The Department of Mathematics and Computer Science at Hobart and William Smith Colleges offers two different majors, in mathematics and in computer science. Either major consists of fourteen courses in the department. The specific requirements are listed below. With departmental approval, certain other courses, such as bidisciplinary courses taught by members of the department, can be counted among the fourteen courses that make up a major. The department also gives credit towards the major for a score of four or five on an Advanced Placement test in Calculus or in Pascal programming.

A student can double major in mathematics and computer science. To do so, a student must complete the requirements for each major. Many courses can be counted towards either major; to avoid excessive overlap, the department requires that a double major in mathematics and computer science must include at least twenty different courses.

The department also offers minors in mathematics and in computer science. A minor in mathematics consists of Math 130, Math 131, Math 132, Math 204, and two additional mathematics courses at the 200 level or above. A minor in computer science consists of Cpsc 124, Cpsc 125, Cpsc 226, Cpsc 227, and two additional computer science courses at the 200 level or above.

The following courses do not count towards a minor and do not ordinarily count towards a major in the department: Math 100, Math 110, Math 111, Math 112, and Cpsc 100. However, a student can count one of these courses towards a major in mathematics or computer science provided that course is the first course he or she takes in the department.

To be counted towards a major or minor in mathematics or computer science, a course must be passed with a minimum grade of C-; the department strongly recommends that such courses be taken on a graded, rather than a credit/no-credit, basis.

The program required for a major in mathematics or computer science is the one listed in the catalogue for the year in which the student declares the major. However, no course that was acceptable at the time it was taken will be retroactively disallowed.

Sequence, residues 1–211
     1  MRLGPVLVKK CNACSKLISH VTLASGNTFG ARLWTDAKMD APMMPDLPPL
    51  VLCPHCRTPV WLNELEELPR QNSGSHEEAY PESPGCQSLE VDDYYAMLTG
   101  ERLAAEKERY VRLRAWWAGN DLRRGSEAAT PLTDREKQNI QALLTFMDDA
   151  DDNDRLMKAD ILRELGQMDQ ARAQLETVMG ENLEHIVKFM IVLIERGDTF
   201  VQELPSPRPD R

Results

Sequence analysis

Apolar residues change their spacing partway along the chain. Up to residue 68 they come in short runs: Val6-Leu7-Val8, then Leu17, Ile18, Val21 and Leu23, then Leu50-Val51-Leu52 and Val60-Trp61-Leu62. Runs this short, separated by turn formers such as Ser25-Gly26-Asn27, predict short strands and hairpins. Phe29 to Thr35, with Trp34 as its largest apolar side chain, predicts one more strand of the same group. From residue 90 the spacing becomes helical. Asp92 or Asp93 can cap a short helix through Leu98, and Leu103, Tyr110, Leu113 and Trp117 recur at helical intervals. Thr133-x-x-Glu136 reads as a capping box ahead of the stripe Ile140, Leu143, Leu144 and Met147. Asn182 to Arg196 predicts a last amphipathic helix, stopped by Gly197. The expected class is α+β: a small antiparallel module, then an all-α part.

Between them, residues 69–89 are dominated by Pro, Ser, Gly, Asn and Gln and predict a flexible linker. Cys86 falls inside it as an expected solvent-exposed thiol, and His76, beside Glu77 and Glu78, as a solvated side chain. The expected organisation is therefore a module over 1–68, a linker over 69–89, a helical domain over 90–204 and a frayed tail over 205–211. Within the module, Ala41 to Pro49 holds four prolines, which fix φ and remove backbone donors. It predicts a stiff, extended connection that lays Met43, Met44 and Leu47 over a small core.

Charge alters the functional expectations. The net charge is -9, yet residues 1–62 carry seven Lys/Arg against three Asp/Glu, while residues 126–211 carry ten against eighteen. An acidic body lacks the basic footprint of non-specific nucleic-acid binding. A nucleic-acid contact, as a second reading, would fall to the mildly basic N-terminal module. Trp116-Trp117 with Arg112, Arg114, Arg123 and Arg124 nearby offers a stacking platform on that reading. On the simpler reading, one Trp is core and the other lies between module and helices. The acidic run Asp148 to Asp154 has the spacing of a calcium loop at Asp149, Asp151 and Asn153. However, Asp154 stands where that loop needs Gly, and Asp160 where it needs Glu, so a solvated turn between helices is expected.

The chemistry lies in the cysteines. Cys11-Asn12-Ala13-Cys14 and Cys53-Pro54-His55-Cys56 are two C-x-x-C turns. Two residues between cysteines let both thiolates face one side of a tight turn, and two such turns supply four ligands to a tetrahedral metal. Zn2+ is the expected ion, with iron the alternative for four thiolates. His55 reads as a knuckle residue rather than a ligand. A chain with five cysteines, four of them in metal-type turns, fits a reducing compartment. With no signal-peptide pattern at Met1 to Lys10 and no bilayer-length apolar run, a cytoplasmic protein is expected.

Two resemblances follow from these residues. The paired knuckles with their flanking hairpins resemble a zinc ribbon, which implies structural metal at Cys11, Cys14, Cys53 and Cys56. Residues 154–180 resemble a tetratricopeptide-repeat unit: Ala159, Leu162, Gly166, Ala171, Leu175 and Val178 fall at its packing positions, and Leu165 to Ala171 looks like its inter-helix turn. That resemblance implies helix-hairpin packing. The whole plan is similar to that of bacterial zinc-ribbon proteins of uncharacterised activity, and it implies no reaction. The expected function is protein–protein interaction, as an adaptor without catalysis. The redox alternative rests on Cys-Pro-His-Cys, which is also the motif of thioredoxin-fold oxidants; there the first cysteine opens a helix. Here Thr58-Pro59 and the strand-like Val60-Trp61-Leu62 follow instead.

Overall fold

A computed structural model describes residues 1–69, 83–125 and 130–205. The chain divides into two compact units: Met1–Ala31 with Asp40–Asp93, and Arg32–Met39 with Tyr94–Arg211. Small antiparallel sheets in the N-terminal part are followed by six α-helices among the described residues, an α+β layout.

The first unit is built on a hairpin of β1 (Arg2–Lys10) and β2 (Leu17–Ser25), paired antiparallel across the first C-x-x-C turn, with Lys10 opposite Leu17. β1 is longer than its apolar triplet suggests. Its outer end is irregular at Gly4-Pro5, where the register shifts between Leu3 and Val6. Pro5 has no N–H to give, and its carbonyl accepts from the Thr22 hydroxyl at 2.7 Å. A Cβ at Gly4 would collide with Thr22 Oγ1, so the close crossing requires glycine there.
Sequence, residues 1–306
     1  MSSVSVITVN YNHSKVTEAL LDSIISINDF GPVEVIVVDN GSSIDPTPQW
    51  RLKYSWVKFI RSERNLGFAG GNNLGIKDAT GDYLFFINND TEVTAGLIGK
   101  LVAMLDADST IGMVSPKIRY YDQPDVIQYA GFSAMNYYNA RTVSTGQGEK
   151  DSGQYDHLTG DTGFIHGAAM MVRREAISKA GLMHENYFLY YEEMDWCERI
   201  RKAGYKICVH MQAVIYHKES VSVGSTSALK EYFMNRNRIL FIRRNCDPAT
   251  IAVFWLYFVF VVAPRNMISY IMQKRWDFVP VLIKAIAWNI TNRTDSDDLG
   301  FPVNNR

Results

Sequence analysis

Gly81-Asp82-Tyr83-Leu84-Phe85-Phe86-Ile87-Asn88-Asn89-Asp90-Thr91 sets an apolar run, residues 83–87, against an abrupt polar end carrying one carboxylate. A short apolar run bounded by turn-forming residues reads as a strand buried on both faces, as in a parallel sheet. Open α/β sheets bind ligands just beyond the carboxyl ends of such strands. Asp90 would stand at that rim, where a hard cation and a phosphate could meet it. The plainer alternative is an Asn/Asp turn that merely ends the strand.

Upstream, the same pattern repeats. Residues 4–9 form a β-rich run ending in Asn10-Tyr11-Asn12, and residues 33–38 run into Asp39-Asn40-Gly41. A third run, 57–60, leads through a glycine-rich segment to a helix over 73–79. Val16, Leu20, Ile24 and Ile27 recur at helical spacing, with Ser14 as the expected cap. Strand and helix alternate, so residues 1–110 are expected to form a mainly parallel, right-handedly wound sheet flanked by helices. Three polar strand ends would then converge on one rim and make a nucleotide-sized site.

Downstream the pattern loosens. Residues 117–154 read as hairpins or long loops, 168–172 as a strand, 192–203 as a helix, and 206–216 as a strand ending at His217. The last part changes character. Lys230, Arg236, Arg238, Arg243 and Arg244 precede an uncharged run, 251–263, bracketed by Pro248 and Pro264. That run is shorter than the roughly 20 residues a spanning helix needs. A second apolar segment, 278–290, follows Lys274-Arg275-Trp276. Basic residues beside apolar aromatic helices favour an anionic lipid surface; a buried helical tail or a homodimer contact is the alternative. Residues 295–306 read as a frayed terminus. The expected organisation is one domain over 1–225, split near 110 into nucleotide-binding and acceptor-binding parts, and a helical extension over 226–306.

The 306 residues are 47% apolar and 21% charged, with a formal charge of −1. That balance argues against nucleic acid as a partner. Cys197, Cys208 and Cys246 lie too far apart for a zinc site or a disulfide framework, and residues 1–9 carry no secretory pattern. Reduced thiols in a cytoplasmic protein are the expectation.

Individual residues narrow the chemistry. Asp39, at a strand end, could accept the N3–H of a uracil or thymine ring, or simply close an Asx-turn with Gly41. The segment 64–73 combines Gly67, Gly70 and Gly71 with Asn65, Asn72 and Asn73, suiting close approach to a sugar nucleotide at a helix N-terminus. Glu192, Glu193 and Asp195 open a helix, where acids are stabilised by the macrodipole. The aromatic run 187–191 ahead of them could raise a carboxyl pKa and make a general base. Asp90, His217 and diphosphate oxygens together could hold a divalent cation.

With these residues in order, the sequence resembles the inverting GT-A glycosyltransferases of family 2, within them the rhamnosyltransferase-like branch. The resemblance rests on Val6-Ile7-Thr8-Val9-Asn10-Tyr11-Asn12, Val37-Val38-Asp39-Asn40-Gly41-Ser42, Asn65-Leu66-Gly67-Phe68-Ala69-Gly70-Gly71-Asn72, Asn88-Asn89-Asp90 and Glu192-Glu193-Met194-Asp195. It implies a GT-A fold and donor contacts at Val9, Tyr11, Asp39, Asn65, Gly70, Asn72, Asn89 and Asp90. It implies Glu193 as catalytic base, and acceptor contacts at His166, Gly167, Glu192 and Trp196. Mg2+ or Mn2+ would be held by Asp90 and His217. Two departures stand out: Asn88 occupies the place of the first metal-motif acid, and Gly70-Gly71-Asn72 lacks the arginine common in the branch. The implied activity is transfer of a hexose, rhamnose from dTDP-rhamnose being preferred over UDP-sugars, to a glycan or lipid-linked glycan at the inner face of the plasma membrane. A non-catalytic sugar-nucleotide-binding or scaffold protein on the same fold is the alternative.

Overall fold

A major in mathematics consists of fourteen courses in the department (with exceptions as explained above). The following six courses are required, unless exempted by previous experience: Math 130 (Calculus I), Math 131 (Calculus II), Math 132 (Calculus III), Math 204 (Linear Algebra), Math 331 (Foundations of Analysis I) and Math 375 (Abstract Algebra I). The major must also include two additional mathematics courses at the 300 or 400 level. The following computer science courses can be counted as electives towards a mathematics major: Cpsc 124, 125, 221, 227, 322, 324, 329, and 371.

Many students who major in mathematics go on to study mathematics in graduate school or to work in mathematically-oriented professions. But mathematics has always been one of the core subjects of a liberal arts education. As a subject that develops rigorous thinking and problem-solving ability, it is very popular as a double major or a minor in combination with fields from all three of the Colleges' academic divisions.

To meet the challenges, opportunities and responsibilities which they will encounter after graduation, majors are encouraged to obtain a broad but firm foundation in mathematics, to acquire some skill in the use of mathematical methods for dealing with problems from a variety of disciplines, and to complement these with some training in computer science.

A major in computer science consists of fourteen courses in the department (with exceptions as explained above). The following seven courses are required, unless exempted by previous experience: Cpsc 124 (Pascal Programming I), Cpsc 125 (Pascal Programming II), Cpsc 221 (Discrete Structures), Cpsc 226 (Assembly Language), Cpsc 227 (Data Structures), Cpsc 322 (Analysis of Algorithms) and Cpsc 329 (Automata Theory). The major must also include two additional computer science courses at the 300 or 400 level. The following mathematics courses can be counted as electives towards a computer science major: Math 130, 131, 132, 135, 204, 214, 237, 251, 350, 351, 353, 371, 375, 376, and 380.

Computer science is a rapidly growing and changing field, with applications across a broad range of disciplines. The department offers a range of applied and theoretical courses that will enable the student to understand the current state of the field, but also to understand the fundamental and enduring principles behind the applications. Majors, especially those intending to pursue graduate studies in computer science, are encouraged to include introductory calculus (Math 130 and 131) and other mathematics courses in their program of study.